It happens in a delightfully literal manner in Taiwanese artist Shih Chieh Huang’s perversely adorable robotic creatures made from plastic bags, water bottles, and electric fans. The sculptures gracefully appear to breathe as the bags fill and evacuate, and they have light components that glow in the heightened colors of late model car dashboards. The vibe is more troubling in psychologically tinted — and somewhat glitchy — interactive works such as Lynn Hershman Leeson’s Global Mind Radar/Reader (an Emotional Barometer), which takes a cultural pulse as a female figure, projected inside a glass dome "blogosphere," goes through a series of emotional gestures responding to live blog input concerning current events. That position is echoed in Bruce Charlesworth’s installation Love Disorder, which is tartly described in exhibition text: "A huge projected video character has ambivalent feelings about you." And he’s not shy about expressing them. These works use anthropomorphism to generate identification with the machinery, though the latter two tout complex, glitch-friendly technology that dare us to believe, or at least question, if they actually work.

Mixed emotions also infuse Daniel Faust’s elegantly composed and slightly wistful color photographs of now-historic Silicon Valley corporate architecture and outmoded data archives, depicting them as stately yet oddly humble. The images are visually skewed toward a modernist history via research facility. That kind of past idealism is perhaps behind the utopian-themed collaborative projects by Free Soil and Red 76, which tap into a pervasive yearning for utopian endeavors, both on earth and Second Life sediment. These works, however, find their most vital components outside the museum — in tours and social gatherings — and their diagrams and historical artifacts are more confusing than illuminating.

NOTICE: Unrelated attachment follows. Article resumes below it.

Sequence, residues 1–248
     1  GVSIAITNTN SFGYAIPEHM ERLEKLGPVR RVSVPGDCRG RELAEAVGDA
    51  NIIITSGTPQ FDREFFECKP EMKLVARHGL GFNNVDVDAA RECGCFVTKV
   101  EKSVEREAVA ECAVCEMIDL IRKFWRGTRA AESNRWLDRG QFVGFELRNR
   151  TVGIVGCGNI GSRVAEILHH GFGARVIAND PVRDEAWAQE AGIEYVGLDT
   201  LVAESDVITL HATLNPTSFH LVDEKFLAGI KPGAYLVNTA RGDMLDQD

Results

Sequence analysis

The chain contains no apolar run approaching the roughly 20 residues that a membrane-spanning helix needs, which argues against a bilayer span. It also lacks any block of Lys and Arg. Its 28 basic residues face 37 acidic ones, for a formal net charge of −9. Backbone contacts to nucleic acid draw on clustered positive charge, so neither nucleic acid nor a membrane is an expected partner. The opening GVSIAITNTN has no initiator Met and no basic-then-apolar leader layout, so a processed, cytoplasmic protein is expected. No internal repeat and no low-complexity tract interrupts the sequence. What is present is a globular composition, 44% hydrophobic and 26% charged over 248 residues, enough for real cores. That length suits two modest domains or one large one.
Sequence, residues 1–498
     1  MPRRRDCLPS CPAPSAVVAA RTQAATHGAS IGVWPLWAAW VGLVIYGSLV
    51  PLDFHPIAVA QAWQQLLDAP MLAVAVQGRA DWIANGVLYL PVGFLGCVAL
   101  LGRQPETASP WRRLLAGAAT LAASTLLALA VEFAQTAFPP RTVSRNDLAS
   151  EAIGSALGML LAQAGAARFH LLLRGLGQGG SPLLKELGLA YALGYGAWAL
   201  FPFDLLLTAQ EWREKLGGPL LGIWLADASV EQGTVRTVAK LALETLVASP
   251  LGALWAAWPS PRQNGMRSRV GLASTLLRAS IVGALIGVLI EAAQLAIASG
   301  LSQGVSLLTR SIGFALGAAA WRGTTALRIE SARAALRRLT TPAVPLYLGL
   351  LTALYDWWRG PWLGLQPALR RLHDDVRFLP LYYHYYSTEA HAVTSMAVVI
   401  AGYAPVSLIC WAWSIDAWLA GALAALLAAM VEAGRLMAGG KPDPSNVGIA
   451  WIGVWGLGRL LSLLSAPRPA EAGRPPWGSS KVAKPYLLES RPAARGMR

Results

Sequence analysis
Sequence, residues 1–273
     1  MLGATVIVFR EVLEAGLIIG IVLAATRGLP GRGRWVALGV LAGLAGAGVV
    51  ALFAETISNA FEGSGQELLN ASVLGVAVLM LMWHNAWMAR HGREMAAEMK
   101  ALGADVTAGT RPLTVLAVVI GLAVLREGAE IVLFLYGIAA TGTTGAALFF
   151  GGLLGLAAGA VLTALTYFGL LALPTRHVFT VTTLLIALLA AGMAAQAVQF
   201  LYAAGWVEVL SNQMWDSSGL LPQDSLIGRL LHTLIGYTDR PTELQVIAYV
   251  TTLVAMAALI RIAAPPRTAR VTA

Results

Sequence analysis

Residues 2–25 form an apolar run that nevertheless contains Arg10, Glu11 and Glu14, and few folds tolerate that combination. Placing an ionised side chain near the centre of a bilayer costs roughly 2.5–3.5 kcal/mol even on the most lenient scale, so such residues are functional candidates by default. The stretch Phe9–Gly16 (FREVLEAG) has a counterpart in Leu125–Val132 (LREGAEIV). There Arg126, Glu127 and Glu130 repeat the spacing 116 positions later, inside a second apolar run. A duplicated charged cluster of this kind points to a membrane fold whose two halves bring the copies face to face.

More insistent is the video documentation of projects by HeHe (Helen Evans and Hieko Hansen), a pair of Paris designers who harness carbon-filled industrial pollution, second-hand smoke, and various light sources to urge us to look at the world, and the amazing possibilities in available hardware and software, with an uneasy sense of wonder. From a literal standpoint, their pieces fit this exhibition’s premise best: their use of illumination resembles a technologically fortified nature that manages to inspire as it metaphorically sticks our noses in holes in the ozone. If that’s not superlight, what is?


Through Aug. 30

Tues.–Sun., 11 a.m.–5 p.m.

San Jose Museum of Art

110 S. Market, San Jose

$5–$8, free to members and children under 6

(408) 271-6840,

Faith-based initiative


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REVIEW The Contemporary Jewish Museum was founded in 1984 as the Jewish Museum San Francisco, and "starchitect" Daniel Libeskind’s building design, which seemingly bursts out of an 1881 vintage brick facade opposite Yerba Buena Gardens, began taking shape nearly a decade ago. But for all intents and purposes, the CJM’s opening this week marks the launch of a new art space that must affirm its brand identity on our cultural landscape. The folks behind this identity-based museum aim to instill a sense of belief in the place as a meaningful institution and to lure repeat visitors — Jews and non-Jews alike. With a prominent public location — and what could be a decent café — the odds are in its favor.

Other factors might continue that momentum. The building itself is a bold yet restrained move by an architect whose Jewish Museum in Berlin tends to overshadow its contents. The CJM, however, succeeds in feeling both formidable and intimate. The spaces balance form and function: they look good and seem like they can accommodate and contextualize the works within. Still, the programming itself should be the primary element in attracting viewers.

The opening offerings include a delightful survey of work by the New Yorker cartoonist William Steig, organized by the Jewish Museum, New York, and a sound series selected by John Zorn. But the centerpiece exhibition, "In the Beginning: Artists Respond to Genesis" — an ambitious, CJM-organized conglomeration of newly commissioned installations and historical and contemporary artworks and artifacts — is a clear sign the admin is taking the museum’s challenge seriously and thinking big.